Saturday, 8 June 2013

A traditional Catholic theologian on clerical celibacy

The following extract is taken from Adolphe Tanquerey's Synopsis Theologiae Moralis et Pastoralis (1922).

Tanquerey's starting point is that clerical celibacy is justified both in principle and in practice.  It is validated by the examples of Christ and St Paul in the Bible, and it enables clerics to leave aside worldly cares and more effectively attend to their religious duties and look after their parishioners.  He repeatedly uses the term munditia (cleanliness) and its cognates to describe the celibate life.

Significantly, Tanquerey recognises that maintaining celibacy is difficult.  Indeed, he expressly says that it requires divine assistance.  On a practical level, he recommends that clerics practice prayer and asceticism, exercise self-control, avoid situations which present temptations and refocus themselves onto devotion to Christ.



§ I. On Ecclesiastical Celibacy

1050. The law of ecclesiastical celibacy is in force to this day in the Latin Church. In consists in this: clerics in major orders - i.e. subdeacons, deacons, priests and bishops - are unable to enter in marriage either lawfully or validly, but must maintain perpetual continence; and, by virtue of a special religious obligations, they are bound to abstain from every act, internal or external, against chastity....

The law which prescribes celibacy for clerics is not divine but ecclesiastical. However, it has its foundations in Scripture, and it was gradually introduced in the Latin Church by custom, particular laws, and eventually a universal decree. In the Eastern Church, continence is not imposed on all sacred ministers, but only on some....

1051. 1. Continence is recommended in Sacred Scripture

(A) Christ himself recommended, by his example, perfect virginity: he was conceived virginally from the beginning of time in his Father's bosom, at his incarnation he willed only to have a virgin mother, he observed virginity through the whole of his life, and when he was dying on the cross he commended his virgin mother to a virgin disciple [i.e. St John]. — Moreover, he laid the foundations of continence in teaching about purity of heart and perfect self-denial and in his counsel to give up everything, even one's parents, children and wife. Moreover, he explicitly taught it when he said to his disciples: "There are some who were born eunuchs from their mother's womb, there are some who have been made eunuchs by men, and they are some who have made themselves eunuchs (i.e. through continence) for the sake of the kingdom of heaven".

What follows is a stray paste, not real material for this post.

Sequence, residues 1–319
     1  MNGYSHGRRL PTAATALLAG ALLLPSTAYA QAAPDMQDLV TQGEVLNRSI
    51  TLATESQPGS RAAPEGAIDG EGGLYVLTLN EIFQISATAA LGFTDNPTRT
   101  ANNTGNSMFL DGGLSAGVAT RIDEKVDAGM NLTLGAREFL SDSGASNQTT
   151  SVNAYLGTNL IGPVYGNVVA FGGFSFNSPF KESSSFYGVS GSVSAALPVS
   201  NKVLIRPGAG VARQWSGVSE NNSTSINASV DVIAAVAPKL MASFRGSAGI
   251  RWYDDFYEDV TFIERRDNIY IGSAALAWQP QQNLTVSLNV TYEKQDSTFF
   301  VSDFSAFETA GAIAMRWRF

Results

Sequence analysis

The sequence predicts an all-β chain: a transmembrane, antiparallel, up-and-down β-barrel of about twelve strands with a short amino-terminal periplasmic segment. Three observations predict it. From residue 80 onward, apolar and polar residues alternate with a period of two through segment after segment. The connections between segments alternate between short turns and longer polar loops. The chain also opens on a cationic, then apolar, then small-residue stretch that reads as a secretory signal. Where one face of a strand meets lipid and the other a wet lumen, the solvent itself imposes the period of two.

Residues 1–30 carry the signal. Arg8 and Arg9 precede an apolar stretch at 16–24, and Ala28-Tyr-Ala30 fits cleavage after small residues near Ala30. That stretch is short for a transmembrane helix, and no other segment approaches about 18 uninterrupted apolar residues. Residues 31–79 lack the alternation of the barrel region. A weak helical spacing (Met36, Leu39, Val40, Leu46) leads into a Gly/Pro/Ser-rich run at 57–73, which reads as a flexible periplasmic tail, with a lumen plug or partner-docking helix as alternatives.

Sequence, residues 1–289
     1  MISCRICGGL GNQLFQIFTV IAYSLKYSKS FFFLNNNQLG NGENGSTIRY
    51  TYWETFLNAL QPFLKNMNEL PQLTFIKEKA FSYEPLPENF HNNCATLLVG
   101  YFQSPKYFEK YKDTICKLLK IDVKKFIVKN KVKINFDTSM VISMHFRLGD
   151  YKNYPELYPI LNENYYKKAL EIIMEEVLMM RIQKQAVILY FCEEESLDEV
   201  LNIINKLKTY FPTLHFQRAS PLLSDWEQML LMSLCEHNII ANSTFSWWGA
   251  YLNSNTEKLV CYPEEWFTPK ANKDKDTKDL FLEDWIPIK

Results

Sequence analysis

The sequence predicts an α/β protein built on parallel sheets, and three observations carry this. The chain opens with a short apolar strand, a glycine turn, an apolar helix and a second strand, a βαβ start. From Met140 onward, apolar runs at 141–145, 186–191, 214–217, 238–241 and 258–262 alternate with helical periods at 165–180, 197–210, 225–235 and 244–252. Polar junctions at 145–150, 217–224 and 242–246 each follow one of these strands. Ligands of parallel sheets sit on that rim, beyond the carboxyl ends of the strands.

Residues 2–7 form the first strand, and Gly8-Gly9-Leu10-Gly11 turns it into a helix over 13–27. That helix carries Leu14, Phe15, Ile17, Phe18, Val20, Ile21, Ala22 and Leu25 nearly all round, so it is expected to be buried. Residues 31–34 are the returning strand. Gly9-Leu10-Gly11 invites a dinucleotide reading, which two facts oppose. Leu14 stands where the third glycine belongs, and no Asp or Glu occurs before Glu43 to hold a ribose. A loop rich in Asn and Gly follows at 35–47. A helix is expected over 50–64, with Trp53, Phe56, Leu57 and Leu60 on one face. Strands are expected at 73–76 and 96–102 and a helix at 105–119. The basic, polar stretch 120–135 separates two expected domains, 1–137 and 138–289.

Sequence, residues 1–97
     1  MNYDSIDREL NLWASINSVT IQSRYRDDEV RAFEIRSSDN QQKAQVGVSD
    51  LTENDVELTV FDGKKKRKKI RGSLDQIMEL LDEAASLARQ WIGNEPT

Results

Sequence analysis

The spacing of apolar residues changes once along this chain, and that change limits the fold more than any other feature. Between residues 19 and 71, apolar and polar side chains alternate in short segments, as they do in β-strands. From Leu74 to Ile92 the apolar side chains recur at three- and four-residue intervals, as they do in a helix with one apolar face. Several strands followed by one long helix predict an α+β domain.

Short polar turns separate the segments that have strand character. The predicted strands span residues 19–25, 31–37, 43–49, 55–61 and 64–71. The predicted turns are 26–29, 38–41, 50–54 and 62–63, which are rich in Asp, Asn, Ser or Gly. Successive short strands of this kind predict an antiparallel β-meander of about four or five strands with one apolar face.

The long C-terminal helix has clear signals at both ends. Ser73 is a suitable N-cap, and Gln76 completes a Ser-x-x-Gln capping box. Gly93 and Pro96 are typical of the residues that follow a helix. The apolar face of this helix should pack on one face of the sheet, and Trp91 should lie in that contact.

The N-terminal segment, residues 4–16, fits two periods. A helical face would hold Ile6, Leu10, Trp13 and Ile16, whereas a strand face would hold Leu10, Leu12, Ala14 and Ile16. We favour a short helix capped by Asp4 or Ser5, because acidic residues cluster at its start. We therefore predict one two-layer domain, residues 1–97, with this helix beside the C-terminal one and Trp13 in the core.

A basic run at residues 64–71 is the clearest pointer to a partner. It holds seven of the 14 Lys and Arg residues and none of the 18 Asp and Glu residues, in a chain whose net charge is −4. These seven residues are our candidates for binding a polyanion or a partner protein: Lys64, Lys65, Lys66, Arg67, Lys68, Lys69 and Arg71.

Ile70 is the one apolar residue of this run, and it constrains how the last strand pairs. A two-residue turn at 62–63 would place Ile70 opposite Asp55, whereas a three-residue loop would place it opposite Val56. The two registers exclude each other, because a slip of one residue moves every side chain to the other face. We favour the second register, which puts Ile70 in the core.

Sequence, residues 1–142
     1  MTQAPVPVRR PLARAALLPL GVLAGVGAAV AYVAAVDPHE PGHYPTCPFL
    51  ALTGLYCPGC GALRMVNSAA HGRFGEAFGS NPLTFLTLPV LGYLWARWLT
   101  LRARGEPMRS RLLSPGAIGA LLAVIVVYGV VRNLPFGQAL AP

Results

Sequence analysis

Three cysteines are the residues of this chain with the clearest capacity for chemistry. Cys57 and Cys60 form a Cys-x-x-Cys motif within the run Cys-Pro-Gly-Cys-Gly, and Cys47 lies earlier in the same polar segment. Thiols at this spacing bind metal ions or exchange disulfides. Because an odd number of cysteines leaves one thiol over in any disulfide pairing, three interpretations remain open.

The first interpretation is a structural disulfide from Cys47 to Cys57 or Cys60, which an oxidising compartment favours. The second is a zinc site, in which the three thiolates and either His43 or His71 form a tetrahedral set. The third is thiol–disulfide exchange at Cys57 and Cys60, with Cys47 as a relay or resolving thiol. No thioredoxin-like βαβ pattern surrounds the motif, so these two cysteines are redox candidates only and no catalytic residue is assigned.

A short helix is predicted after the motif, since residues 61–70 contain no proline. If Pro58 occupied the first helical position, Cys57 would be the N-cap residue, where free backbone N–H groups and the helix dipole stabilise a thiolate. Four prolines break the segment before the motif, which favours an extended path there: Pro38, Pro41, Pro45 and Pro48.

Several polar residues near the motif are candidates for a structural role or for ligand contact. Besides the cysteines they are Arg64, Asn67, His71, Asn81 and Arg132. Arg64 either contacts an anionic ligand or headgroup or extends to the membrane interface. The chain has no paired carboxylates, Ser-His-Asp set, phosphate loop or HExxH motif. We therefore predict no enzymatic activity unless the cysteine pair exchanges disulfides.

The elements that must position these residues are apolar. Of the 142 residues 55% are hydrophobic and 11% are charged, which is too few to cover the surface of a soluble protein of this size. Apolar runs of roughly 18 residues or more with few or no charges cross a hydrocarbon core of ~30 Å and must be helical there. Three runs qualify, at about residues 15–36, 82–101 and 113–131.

(B) Paul, following in Christ's footsteps, himself maintained continence and advised his disciples not to marry in order to serve God more fervently....

II. The reasons for the law of ecclesiastical celibacy

1059. A law of this kind is ecclesiastical in character, but it is in no way contrary to the natural law and it can be shown to be consistent with faith and reason.

The fundamental reason for it is that a Christian priest stands in the place of Christ on earth, takes on his power, and therefore ought to imitate his virtues and approach the High Priest as closely as possible in his conduct. Now, as noted, Christ maintained perfect virginity and clearly recommended this practice. — This will become still more clear if the duties of a priest are examined more closely from the power of view of God, the faithful and society itself.

1060. 1. If a priest is considered in his relations to God, he is bound to offer prayers and sacrifices, not only in his own name but in that of the whole Christian people.... Virginity is desirable in order that each of these duties be performed fully.

(A) First, as to prayer. Although married men are able to offer prayers, the Apostle [Paul] nevertheless urges them to be continent for a period in order that they have the opportunity to pray more easily and fervently.... Indeed, men who are married and have children to bring up are heavily burdened with worldly cares and are held back from the duty of praying by domestic concerns. By contrast, those who are pure in heart more easily ascend to God and converse with him. Moreover, priests are required to pray several times a day for themselves and the whole Christian people, at length and with persistence, and should therefore be immune from worldly cares. Otherwise, they will not pray at length or fervently due to the contigencies of daily life; but, with distracted minds, they will scarcely say any prayers.

1061. (B) The most important prayers are clearly those which are offered to God at Mass; the sacrifice of the Mass is the paramount work of religion. Is not perfect chastity to be wished for in order that Mass is offered fervently?... In the sacrifice, everything - the principal celebrant, Christ, the victim, the rites and the prayers - is redolent of perfect purity and self-denial, is it not wholly fitting that the secondary celebrant - the priest - imitates the virginity and perfect self-denial of Christ?...

1062. 2. In his relations to the people entrusted to him, the priest is greatly helped by the practice of continence. (A) Since he is chosen by God and the Church in order to devote himself entirely to the salvation of souls, putting aside worldly cares, he must constantly weigh everything for the welfare of his flock. A married priest is not able to fulfil this duty as readily, easily or generously: he is bound to devote a considerable part of his concerns, work and money to his wife and children and can therefore only dedicate a smaller part of his attention to the salvation of souls....

(B) Unmarried priests stand as the fathers of the poor. Because they have no need to save up money for their children, they can generously give their surplus wealth to the poor....